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Garden Gifts – Books & A Movie

By Linda Wiggen Kraft

December is gift-giving season. There are new garden books and a movie that will delight gardeners and others with their beautiful photography and inspiring words.

The biggest and most beautiful book is by well-known gardener, photographer and garden writer Ken Druse. The work of flower photographer Ellen Hoverkamp also graces the cover and inside pages. The title is The Scentual Garden. It gives a missing language to the varied fragrances of garden plants. In the worlds of wine and perfumes there is a well-defined language to the smells and tastes nature’s diverse chemicals. The language of what flowers and foliage smell like is almost illiterate by comparison. This book gives a new vocabulary by borrowing language from perfumers to define twelve distinct categories of garden fragrance. Who knew that there was an animalic scent? Others may be more familiar including fruity, herbal green, medicinal and spice.

The two other books are Emily Dickinson’s Garden Life and On Flowers. The poet Emily Dickinson loved to garden and wrote: “Some keep the Sabbath going to Church, I keep it, staying at Home, With a Bobolink for a Chorister, And an Orchard, for a Dome.” Author Marta McDowell was the Gardener-In-Residence at the Emily Dickinson Museum. She shares Emily’s poems about her garden interspersed in McDowell’s prose about the actual gardens now grown at the museum. The book follows the garden year and includes a cross reference of all the flowers mentioned in Emily’s poems. The book On Flowers, is a fun photo journal of flower love by “accidental” florist Ann Merrick. There are photos and unique information about ways to love and arrange all kinds of flowers, from roadside weeds and grocery store flowers to high-end florist blooms. The author lived throughout the U.S. and in Japan and shares the beauty she found in each place. My favorite pages list the Japanese words and love for cherry blossom including Hanafubuki (a moment of cherry petals swirling in the breeze) and Yozakura (the experience of viewing cherry trees at night).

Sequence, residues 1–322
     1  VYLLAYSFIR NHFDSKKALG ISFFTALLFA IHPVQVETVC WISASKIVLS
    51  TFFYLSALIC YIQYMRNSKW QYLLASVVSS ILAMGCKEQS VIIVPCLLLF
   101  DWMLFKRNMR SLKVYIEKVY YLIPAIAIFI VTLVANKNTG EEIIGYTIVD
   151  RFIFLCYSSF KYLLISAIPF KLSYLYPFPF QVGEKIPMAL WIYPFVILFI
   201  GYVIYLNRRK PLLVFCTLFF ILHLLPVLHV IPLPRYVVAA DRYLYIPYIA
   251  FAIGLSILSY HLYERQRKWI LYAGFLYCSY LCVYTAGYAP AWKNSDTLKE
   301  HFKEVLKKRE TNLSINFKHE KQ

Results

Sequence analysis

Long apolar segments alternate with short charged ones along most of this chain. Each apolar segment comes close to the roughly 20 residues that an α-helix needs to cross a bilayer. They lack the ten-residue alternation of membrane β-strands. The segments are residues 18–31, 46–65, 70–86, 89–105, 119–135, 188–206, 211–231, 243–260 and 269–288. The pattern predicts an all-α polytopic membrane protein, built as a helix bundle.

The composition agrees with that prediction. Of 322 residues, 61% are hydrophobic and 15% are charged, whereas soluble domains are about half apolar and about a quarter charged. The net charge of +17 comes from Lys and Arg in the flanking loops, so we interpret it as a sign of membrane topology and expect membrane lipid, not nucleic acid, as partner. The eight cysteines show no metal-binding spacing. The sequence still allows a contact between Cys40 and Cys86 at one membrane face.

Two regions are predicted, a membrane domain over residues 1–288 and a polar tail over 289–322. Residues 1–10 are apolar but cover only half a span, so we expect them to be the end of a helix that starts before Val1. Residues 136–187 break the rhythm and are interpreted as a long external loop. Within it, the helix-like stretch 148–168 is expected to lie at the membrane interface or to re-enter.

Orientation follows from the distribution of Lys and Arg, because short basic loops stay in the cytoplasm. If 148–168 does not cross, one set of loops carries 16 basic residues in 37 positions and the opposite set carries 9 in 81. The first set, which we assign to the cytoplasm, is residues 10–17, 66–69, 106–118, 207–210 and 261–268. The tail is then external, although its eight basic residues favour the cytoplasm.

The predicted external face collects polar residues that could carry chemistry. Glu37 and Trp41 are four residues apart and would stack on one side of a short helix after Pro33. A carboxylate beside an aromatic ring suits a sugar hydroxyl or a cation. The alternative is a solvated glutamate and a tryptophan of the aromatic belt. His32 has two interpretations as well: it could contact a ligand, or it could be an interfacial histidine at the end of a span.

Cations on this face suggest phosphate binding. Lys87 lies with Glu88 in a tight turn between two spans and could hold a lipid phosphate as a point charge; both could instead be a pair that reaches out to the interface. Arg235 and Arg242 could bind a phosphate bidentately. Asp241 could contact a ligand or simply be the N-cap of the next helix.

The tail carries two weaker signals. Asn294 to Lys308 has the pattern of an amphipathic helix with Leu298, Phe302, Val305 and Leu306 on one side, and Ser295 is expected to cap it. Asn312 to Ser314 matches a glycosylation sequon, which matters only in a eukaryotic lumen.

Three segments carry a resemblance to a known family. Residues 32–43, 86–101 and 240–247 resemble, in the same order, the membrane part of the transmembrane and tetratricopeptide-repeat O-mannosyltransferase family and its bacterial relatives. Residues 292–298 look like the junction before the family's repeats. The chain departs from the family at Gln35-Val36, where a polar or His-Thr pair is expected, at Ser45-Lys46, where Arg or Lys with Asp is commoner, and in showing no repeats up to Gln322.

The 2019 movie, The Biggest Little Farm, was shown in theatres earlier this year and is now available on Netflix and other streaming links. It is a great family watch. Filmmaker John Chester and his chef wife Molly were living in a Los Angeles apartment. In 2011 they moved an hour’s drive away to a 213 acre desolate farm, that they named Apricot Lane Farms. John chronicled the eight year struggles and successes of transforming barren dirt into living verdant organic and biodynamic soil, gardens and orchards that are a thriving ecosystem of humans, plants, animals and nature. This is a beautifully filmed documentary full of farm action and details. The produce and food from these farms is highly sought after in farmers markets and restaurants in Los Angeles area. This inspiring story shows how working with nature, not against her, brings abundant life into being.

Share these gifts, or get them for yourself. They are a treat to all with their beauty, wisdom and inspiration.

Linda Wiggen Kraft is a landscape designer who creates holistic and organic gardens. She is also a mandala artist and creativity workshop leader. Her blog and website are: www.CreativityForTheSoul.com. Her phone number is (314) 504-4266.

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